The Gospel of John is of particular interest to queer people of faith for its repeated references to the “beloved disciple”, or to “the disciple that Jesus loved”. These references make clear that whoever he was, this disciple had a relationship with Jesus of particular intimacy. There’s the well-known scene from the Last Supper where he rests his head on Jesus’ breast (or lap), and at the crucifixion, he is the only man standing among the women at the foot of the cross. He is the one to whom Christ entrusts the care of his mother – rather as a surviving spouse in marriage would assume some responsibility for the care of a mother-in-law. The existence of this special relationship provides much of the argument for the proposition that Jesus’ sexual orientation may have been what we call “gay”.
The beloved disciple is not explicitly named, but is often assumed to be John himself. I have written before on these lines, using “John, the Beloved Disciple” as a jumping off point for a reflection on the gay Jesus:
For gay men in particular, combining this thought in our prayer with a recognition of Jesus’ full bodily humanity can be a powerful entry into building that important personal relationship with him in our spiritual lives.……….
The significance for us of John as “the disciple Jesus loved”, goes way beyond the possibility of genital activity. Love is primarily an emotional relationship, not a physical one. The English language does us a disservice in using “lovemaking” as a euphemism for the physical act, even without any deep emotional significance. “Loving”, in its full sense is more important than mere “lovemaking” as a physical act. In this sense, we know without any possible doubt that the words “whom Jesus loved” are true. How do we know it? Because they are true for all the disciples, as they are for each of us, and for all others.
But this does not do full justice to the importance of John himself. He may not, after all, be the person described. (Theodore Jennings, who has written most extensively on the subject, believes he is not). In any case, focussing on Jesus in the relationship ignores John, whose feast day it is. There are other reasons for thinking of John the Evangelist as queer.
After Jesus had left the earth, John had a further notable and intimate (at least emotionally so) relationship with another male disciple, this time younger than he – his disciple and scribe, Prochorus, bishop of Nicomedia. (Prochorus in turn, later formed a fresh relationship of his own with a younger man, Irenaeus,)
|John the Evangelist, with his scribe Prochorus|
Then there’s the nature of John’s Gospel itself. Even the most cursory comparison of the four Gospels notes that it stands apart from the other three. The Gospels of Matthew, Mark and Luke share a common perspective and so are called the “synoptic” Gospels. That of John is quite different. It is often noted that gay men, as social outsiders, offer a unique view and special insight on the world and social relationships, possibly explaining the high proportion of gay men among the most acclaimed writers and artists in human history. This Gospel is written from the perspective of the beloved disciple – John states clearly that it is written from his witness. Even if John is not himself the beloved disciple, it is notable that it is in his Gospel, and not the Synoptics, that this relationship is recorded. Is this because, being gay himself, John saw something with his queer view (his “gaydar”) that the others did not? In his commentary on John (in The Queer Bible Commentary), Robert Goss describes it unambiguously as the queerest Gospel, because it as a coming out story – that of God coming out, through Christ, to his people, because it is in John that Christ is presented as most gender fluid.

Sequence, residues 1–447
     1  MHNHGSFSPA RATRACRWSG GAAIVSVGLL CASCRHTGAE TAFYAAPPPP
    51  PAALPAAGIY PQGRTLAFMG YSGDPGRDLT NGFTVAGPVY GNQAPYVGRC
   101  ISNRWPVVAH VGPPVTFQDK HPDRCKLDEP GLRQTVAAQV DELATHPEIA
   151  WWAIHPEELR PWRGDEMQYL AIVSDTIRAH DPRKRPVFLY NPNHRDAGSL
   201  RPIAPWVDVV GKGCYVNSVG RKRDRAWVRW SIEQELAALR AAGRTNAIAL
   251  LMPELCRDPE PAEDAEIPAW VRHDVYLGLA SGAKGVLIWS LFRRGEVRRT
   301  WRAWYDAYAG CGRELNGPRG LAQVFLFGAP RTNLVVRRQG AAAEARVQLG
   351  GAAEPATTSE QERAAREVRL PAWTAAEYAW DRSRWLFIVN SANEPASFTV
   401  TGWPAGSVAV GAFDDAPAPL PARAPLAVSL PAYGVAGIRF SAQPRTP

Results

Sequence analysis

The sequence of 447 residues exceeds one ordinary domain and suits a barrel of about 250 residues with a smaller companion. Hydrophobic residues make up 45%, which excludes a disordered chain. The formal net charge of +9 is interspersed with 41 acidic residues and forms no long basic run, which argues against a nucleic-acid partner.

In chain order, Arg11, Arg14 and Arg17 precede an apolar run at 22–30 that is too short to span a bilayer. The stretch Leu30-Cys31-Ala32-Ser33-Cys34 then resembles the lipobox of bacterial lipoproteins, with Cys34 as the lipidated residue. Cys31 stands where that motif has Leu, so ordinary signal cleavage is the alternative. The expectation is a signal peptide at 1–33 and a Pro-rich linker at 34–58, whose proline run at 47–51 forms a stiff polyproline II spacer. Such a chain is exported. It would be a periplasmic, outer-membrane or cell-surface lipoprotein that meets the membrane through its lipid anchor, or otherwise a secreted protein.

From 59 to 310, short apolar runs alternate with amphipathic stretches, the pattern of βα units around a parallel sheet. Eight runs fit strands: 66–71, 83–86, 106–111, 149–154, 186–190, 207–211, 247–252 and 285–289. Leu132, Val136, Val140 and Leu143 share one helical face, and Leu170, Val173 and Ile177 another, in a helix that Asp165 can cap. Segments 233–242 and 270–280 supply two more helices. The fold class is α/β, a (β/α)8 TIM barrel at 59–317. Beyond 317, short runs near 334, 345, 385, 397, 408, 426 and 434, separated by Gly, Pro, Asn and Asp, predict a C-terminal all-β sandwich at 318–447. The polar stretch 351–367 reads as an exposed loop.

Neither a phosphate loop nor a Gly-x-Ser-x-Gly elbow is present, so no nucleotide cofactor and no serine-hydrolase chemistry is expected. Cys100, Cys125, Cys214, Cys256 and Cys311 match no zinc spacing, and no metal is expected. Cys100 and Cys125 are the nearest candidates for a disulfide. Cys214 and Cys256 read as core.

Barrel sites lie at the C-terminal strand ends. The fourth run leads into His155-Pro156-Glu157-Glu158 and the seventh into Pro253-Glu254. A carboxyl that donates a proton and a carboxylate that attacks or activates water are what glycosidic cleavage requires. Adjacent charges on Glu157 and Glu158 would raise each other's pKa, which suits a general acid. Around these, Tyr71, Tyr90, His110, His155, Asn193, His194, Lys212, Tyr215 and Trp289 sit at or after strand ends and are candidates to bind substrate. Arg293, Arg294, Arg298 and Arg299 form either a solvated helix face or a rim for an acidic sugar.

Finally, let us recall again that in medieval Northern Europe, there was even a long-standing tradition that John and Christ were the bridal couple at the Cana Wedding Feast. This image of a marriage between Christ and John reminds us that in the mystical tradition of the Church, the established image of the Christian as the spouse of Christ is available to gay men, as “bridegrooms of Christ“, just as much as it is to women, as “brides of Christ”.
John, the queer Evangelist, is a powerful reminder to us as LGBT people that Christ numbered among his close followers and leaders of the church, people whose emotional and sexual lives did not conform to the conventional stereotypes of the day. In addition to John, we have the examples of Martha and Mary, of Lazarus (who is also named as a possible claimant to the title “beloved disciple”), Philip the Ethiopian Eunuch, and the Roman centurion. We too, likewise have a claim to be fully included in the modern Church, and to take any leadership roles for which our talents equip us.
- Jennings, Theodore: The Man Jesus Loved
- Goss, Robert: The Gospel of John, in The Queer Bible Commentary
- Loughlin, Gerard: Editor’s Introduction to “Queer Theology: Rethinking the Western Body “
- John the Evangelist, the “Beloved Disciple“
- Blessed Bernardo de Hoyos, the Spouse of Christ
- Martha and Mary
- The Gay Centurion
- Water into Wine: Jesus’ Gay Wedding at Cana
- LGBT History Month: Queer Icons, in Faith – Jesus Christ.
- Was Jesus Gay?
- Lazarus: Jesus’ beloved disciple? (Jesus in Love)
Sir Elton John is facing a backlash from conservative Christian groups after stating in an interview that Jesus was a gay man.
The 62-year-old musician also opened up to US magazine Parade about the “life-threatening downside” of fame and his relationship with partner David Furnish.
But it’s the Rocket Man’s views on Jesus’s sexuality which have sparked headlines across the world.
In the interview, to be published in America on Saturday, Sir Elton said: “I think Jesus was a compassionate, super-intelligent gay man who understood human problems.
“On the cross, he forgave the people who crucified him. Jesus wanted us to be loving and forgiving. I don’t know what makes people so cruel. Try being a gay woman in the Middle East – you’re as good as dead.”